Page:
Continuing along the A93 and just the other side of Banchory we found Crathes Castle. Pepper-pot turrets and a square tower distinguish this 16th-century tower house, which stands on an estate granted to the Burnett family in 1323 by King Robert the Bruce. He is also said to have presented the family with the Horn of Leys, which can still be seen in the Great Hall today. The horn symbol has been incorporated into the family coat-of-arms and can be seen everywhere around the castle. Among its most fascinating features are the painted ceilings and the writing along the beams. One of the guides suggested we lay on our backs on the floor to read the text. It is written in English but of a much older form than we know; it was fun trying to make out the meaning of the strange words. The gardens are really special, too. Some of the huge yew hedges were planted in 1702.
We headed back on to the A93 towards Aberdeen to find Drum Castle, the home of the Irvine family since 1323. It’s a jumble of a medieval tower, a Jacobean mansion house and several modern additions by Victorian lairds. The antique furniture and paintings have been collected by 21 generations of the family. There’s a Garden of Historic Roses, which is just beautiful. I thought this a very homely castle, and one of the guides spent a lot of time regaling us with all sorts of very interesting information on the castle.
We drove on to Peterculter where we turned left to go up to the A944 to visit the last castle of the day, Castle Fraser. Work began on the castle in 1575. There is a rather splendid approach to the building, which looks very grand with its crow-stepped gables and turrets on the baronial tower house. It is said that the ghost of a murdered princess haunts the Green Room but I found the simple Great Hall gave me a great sense of life in this magnificent house.
Next morning started bright and clear but with a very cold wind blowing. Now if any of you tune in to Terry Wogan’s morning show on BBC Radio 2, you will be familiar with the road that runs from Cock Bridge to Tomintoul starring in the traffic reports. Well that’s where our first port of call was located: Corgarff Castle at Cock Bridge. This area is right on the edge of the Cairngorm National Nature Reserve – very beautiful but rather exposed.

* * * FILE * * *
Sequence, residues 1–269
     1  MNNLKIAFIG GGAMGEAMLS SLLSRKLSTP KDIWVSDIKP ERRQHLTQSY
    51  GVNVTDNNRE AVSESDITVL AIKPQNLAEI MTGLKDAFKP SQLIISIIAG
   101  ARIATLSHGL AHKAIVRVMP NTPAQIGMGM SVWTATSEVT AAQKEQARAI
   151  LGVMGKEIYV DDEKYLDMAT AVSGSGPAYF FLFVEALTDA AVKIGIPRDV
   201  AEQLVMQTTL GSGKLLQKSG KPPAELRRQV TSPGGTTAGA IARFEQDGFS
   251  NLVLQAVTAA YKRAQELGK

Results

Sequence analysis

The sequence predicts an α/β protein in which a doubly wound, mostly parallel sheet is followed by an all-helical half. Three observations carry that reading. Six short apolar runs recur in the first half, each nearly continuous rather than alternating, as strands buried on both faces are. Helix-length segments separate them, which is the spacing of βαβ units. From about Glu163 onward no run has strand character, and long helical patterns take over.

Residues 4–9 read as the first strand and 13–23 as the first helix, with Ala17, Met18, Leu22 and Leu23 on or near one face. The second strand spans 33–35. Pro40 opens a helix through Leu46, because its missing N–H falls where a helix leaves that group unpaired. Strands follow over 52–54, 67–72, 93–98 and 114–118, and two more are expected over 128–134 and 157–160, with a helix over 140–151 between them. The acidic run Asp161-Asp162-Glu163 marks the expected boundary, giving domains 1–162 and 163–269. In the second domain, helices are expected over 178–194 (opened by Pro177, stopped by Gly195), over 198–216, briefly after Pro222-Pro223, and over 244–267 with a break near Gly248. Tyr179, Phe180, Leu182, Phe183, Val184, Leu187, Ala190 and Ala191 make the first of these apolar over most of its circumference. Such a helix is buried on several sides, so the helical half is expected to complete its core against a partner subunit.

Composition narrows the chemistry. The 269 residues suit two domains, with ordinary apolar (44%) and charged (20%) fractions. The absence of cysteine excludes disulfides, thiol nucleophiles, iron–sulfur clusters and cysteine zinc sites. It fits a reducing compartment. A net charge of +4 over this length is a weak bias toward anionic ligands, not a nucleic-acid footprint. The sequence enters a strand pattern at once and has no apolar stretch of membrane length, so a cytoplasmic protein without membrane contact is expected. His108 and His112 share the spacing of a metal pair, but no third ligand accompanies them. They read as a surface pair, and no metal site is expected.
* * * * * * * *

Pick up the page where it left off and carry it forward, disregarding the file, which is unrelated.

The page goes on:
This castle really has had to work for a living: it’s a very real, if small, fortification. It was originally a 14th-century tower house but was remodelled as a fortified military barracks with unusual star-shaped ramparts. It played a prominent part in the Jacobite risings and its last military role was to house the Redcoats who had the very unpopular task of combating whisky smuggling.
Carved frontispiece to Castle Huntly entrance.
It was so cold up at Corgarff, we just had to find somewhere to warm up. On the way back to Strathdon we found a lovely tearoom and had one of the best cups of coffee I have tasted, along with the freshest scones and jam. The little shop was fascinating and I admit to spending a bit more than I should have. Goodbrand & Ross was the name of the tearoom, although no name is displayed outside. But the little wooden building stands alone so it is easy to find.
Just after Strathdon, up on the hillside on the left, lies the ruin of Glenbuchat Castle. Built by the Gordons in 1590, it is a fine example of a Z-plan tower house. Although this had originally been built as a home and despite various alterations, by 1738 it was no longer the dwelling place of the gentry and by the 1840s it was abandoned altogether.
Next to come was the great Kildrummy Castle. It is a complete ruin but the sheer size of the site is very impressive. It was built in the mid-13th century for William, 9th Earl of Mar and is probably one of the most ambitious medieval fortifications erected in Scotland.